'We are all hurting': Families of Mount Carmel patients say they’re reliving loved ones’ deaths

Families of patients say they're reliving loved ones' deaths
Families of Mount Carmel victims find themselves asking "what if?"
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COLUMBUS – Some of them have only vague memories of Dr. William Husel.

Others have sharp, vivid recollections of the man who they say told them their loved ones were dying and recommended that they remove life support.

Some thought their loved ones died of natural causes.

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Now they have doubts after receiving phone calls from the hospital saying their loved ones were given too much pain medication.

In their first interview in a group setting, the families of six Mount Carmel patients spoke to 10 Investigates about what they’ve learned in wake of the scandal – in which 34 patients are believed to have received excessive doses of pain medications. Twenty-eight of those, the hospital says, received potentially fatal doses.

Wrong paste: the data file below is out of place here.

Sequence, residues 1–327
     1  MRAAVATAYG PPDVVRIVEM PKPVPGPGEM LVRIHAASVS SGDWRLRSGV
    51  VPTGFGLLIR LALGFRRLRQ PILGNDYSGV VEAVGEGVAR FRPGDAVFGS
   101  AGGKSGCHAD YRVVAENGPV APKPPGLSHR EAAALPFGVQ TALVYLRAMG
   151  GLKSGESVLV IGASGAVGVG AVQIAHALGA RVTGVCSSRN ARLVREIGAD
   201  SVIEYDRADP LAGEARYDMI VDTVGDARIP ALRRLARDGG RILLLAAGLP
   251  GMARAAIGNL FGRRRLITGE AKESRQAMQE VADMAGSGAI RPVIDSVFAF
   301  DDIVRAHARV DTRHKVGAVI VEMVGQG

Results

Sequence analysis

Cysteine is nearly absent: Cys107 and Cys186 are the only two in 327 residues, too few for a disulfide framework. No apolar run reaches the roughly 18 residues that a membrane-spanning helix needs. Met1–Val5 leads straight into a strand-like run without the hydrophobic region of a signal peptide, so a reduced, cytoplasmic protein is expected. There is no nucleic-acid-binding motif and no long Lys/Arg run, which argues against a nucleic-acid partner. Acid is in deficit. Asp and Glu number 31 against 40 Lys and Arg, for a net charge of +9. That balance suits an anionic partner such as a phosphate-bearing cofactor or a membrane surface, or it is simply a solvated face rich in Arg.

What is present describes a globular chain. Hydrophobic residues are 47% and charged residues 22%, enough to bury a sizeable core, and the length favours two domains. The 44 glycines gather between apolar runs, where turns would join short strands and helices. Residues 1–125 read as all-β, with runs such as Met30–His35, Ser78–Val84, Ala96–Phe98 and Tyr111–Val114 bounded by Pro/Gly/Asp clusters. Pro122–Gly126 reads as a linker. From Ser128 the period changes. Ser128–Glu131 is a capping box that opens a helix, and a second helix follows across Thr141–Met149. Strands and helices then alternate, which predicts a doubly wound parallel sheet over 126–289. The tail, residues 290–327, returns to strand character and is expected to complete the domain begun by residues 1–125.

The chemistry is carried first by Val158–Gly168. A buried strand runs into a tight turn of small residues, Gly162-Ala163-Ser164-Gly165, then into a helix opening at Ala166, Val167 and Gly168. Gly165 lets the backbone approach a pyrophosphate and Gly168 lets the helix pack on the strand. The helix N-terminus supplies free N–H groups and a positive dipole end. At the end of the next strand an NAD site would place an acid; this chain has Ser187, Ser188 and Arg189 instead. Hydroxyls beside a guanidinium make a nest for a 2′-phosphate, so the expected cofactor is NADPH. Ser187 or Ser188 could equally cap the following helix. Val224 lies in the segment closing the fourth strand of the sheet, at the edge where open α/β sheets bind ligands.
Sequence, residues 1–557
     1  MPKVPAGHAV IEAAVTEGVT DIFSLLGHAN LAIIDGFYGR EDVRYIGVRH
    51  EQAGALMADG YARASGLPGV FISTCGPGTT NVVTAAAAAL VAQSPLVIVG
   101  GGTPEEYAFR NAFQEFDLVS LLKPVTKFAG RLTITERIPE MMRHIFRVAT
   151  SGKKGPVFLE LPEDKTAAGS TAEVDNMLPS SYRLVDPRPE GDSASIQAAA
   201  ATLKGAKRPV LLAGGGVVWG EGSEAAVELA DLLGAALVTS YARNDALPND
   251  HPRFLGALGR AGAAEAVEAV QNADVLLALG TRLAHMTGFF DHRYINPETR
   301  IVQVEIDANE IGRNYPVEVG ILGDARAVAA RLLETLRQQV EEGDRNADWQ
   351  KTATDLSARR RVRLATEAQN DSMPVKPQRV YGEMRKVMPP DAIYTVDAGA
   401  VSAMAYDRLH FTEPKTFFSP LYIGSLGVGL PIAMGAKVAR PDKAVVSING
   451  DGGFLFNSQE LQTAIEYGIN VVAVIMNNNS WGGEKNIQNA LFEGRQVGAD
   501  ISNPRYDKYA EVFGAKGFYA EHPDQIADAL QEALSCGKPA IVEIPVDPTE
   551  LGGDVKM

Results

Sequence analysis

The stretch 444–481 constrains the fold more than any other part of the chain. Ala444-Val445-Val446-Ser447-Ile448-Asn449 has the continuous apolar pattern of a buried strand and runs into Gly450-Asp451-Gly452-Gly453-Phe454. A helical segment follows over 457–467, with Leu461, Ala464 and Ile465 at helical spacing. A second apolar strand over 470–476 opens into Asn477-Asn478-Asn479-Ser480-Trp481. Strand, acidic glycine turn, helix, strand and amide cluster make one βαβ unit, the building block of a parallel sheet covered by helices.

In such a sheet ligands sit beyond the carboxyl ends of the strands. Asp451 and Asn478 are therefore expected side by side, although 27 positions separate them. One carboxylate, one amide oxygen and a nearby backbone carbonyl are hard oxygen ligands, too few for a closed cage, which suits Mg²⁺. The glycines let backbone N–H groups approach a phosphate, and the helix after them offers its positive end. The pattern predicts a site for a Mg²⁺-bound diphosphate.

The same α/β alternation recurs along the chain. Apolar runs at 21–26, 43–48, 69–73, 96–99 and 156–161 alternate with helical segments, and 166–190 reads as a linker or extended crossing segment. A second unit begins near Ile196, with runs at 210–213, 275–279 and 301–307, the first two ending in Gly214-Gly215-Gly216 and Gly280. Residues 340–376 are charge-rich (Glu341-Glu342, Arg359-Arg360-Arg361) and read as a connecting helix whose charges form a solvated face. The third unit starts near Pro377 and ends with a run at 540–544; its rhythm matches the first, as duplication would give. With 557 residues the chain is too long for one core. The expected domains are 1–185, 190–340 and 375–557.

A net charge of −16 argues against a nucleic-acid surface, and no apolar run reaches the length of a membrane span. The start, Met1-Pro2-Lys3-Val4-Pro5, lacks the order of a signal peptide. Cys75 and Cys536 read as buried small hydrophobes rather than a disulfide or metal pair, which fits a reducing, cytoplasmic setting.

The families discussed with 10 Investigates the lingering questions that still plague them – including why and how did this happen?

“It's horrifying. It's one thing to lose a parent or a loved one, but then to find out that that happened it's unfair … it's unfair of all of us to have to relieve this,” said Lisa Coleman, whose father, Jim Allen, died at Mount Carmel West in May of 2018.

A 10 Investigates review of Allen’s death certificate shows he died from septic shock. But his medical records from the hospital show that he received 1,000 micrograms of fentanyl and 6 milligrams of Versed.

And records released this week by state health inspectors – who conducted site surveys at Mount Carmel West and St. Ann’s hospitals – noted that the hospital “failed to ensure a system was in place to monitor and prevent large doses” of medication from being accessed via an override function on the hospitals’ medication dispensing machines.

In 24 of the 27 patient cases state health inspectors reviewed, Dr. Husel used an override function to gain access to large doses of medications.